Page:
The Skin I Live In Opened on October 14, 2011 Directed by Pedro Almodóvar A brilliant plastic surgeon, haunted by past tragedies, creates a type of synthetic skin that withstands any kind of damage. His guinea pig: a mysterious and volatile woman who holds the key to his obsession. Why it’s on here: Almodóvar is back! With a dark and deceptive, mysterious yet intense film, starring Antonio Banderas in a role that takes him and Almodóvar back to their roots. This Spanish romantic medical thriller, also starring Elena Anaya in an excellent breakout performance, will shock you with its twists and turns and reveals all the way up until the end – don’t spoil it. The film makes the viewer uncomfortable, it makes them think and makes them curious, and I love subversive cinema that does that, especially when it’s so entertaining and well-made, like this. Anaya is so beautiful to look at (until you really think about it?) and Banderas is fantastic too, do not miss this, but be prepared to be shocked.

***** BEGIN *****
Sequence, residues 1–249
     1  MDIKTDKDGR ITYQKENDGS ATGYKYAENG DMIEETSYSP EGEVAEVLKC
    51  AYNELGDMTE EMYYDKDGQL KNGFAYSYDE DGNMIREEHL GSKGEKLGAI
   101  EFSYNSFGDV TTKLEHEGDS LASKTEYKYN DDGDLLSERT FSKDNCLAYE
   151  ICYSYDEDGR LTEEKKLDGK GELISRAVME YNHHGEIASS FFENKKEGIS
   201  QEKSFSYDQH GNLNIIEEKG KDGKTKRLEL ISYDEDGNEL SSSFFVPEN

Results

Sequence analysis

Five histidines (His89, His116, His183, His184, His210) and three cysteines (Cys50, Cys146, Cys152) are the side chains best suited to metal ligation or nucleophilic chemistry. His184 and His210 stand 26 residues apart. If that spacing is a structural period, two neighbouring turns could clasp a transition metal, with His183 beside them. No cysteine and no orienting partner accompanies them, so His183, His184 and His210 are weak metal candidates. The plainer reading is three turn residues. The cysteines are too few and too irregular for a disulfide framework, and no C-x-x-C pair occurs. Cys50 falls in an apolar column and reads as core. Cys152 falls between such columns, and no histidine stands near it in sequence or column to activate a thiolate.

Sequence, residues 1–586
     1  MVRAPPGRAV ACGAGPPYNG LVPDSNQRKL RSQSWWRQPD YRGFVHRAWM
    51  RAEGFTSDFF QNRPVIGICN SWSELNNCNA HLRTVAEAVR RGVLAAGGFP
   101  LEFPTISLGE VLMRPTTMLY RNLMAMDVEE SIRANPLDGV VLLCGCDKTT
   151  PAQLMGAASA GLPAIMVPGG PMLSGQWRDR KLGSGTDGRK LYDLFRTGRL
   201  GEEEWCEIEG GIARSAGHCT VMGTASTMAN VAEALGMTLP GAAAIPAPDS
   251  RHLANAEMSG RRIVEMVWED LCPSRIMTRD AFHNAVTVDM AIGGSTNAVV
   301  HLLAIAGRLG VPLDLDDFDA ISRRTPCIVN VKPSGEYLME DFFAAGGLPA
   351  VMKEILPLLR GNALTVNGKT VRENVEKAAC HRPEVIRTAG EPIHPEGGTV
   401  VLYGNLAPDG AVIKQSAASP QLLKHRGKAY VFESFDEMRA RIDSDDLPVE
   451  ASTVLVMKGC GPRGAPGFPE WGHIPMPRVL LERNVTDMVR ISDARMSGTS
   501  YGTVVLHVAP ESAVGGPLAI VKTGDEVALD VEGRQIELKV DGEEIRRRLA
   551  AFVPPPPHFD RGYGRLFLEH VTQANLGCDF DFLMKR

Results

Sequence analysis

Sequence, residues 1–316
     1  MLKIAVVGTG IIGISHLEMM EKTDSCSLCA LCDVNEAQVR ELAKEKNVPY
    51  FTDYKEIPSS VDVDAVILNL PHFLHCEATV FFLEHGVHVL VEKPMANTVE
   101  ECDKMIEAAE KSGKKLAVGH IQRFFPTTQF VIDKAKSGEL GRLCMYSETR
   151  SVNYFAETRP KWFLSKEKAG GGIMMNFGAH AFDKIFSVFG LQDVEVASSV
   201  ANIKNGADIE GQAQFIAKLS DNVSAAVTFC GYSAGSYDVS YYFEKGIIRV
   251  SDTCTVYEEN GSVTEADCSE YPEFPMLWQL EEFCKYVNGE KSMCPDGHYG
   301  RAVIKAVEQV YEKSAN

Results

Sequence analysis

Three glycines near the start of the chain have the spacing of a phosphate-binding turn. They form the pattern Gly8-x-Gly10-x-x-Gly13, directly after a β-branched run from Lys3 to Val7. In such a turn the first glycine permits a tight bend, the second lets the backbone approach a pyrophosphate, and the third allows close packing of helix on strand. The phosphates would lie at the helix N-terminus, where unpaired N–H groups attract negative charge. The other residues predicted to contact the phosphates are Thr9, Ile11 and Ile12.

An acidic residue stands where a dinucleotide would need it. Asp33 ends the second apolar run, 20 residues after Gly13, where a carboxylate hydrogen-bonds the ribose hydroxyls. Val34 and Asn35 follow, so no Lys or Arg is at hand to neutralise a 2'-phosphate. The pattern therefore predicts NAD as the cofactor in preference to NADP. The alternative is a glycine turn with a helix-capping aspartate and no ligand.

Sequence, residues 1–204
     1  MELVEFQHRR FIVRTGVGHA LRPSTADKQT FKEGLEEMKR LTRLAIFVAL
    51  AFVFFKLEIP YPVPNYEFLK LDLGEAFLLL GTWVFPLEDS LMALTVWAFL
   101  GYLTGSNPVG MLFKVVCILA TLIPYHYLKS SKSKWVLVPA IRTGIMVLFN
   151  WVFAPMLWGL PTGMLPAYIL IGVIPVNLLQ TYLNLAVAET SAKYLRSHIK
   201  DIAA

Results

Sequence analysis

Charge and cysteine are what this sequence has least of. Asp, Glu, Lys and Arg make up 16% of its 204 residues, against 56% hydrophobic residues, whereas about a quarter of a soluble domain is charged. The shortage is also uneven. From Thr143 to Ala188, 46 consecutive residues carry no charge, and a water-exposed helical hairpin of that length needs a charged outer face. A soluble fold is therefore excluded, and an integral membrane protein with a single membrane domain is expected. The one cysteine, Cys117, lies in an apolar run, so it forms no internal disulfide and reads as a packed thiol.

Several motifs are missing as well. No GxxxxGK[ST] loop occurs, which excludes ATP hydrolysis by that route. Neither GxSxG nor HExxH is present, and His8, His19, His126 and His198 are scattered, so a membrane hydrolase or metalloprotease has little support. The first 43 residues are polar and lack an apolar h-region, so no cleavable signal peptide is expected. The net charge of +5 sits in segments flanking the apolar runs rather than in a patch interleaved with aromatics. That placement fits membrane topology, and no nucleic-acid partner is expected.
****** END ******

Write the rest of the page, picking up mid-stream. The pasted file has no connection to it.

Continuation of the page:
Submarine Opened on June 3, 2011 Directed by Richard Ayoade
15-year-old Oliver Tate has two objectives: To lose his virginity before his next birthday, and to extinguish the flame between his mother and an ex-lover who has resurfaced in her life. Why it’s on here: Take the dark twisted humor from across the pond, a Martin Scorsese inspired shooting style, and a coming-of-age story that spans across generations and you get this fantastic directorial debut from comic actor Richard Ayoade. Complete with breakthrough performances from young stars Craig Roberts and Yasmin Paige, the film has flares of iconic filmmakers like Woody Allen and Hal Ashby. The film has a personality that feels contemporary and classic all at once to the point that I’d go so far as to call it timeless. This is a film that will go down as an overlooked classic and one that could very well be used to enlighten film students decades from now.
Take Shelter Opened on September 30, 2011 Directed by Jeff Nichols Plagued by a series of apocalyptic visions, a young husband and father questions whether to shelter his family from a coming storm, or from himself. Why it’s on here: To put you on edge. This film will make you feel uneasy, it has a remarkable atmosphere that Michael Shannon helps elevate to a gulp-inducing crescendo, and the way it ends will leave you talking about it for hours afterward. The score is great, the technical work is perfect, Shannon and Jessica Chastain are outstanding, this is one of my favorites as well as and a must see that you need to go into without knowing anything and just go along for the ride.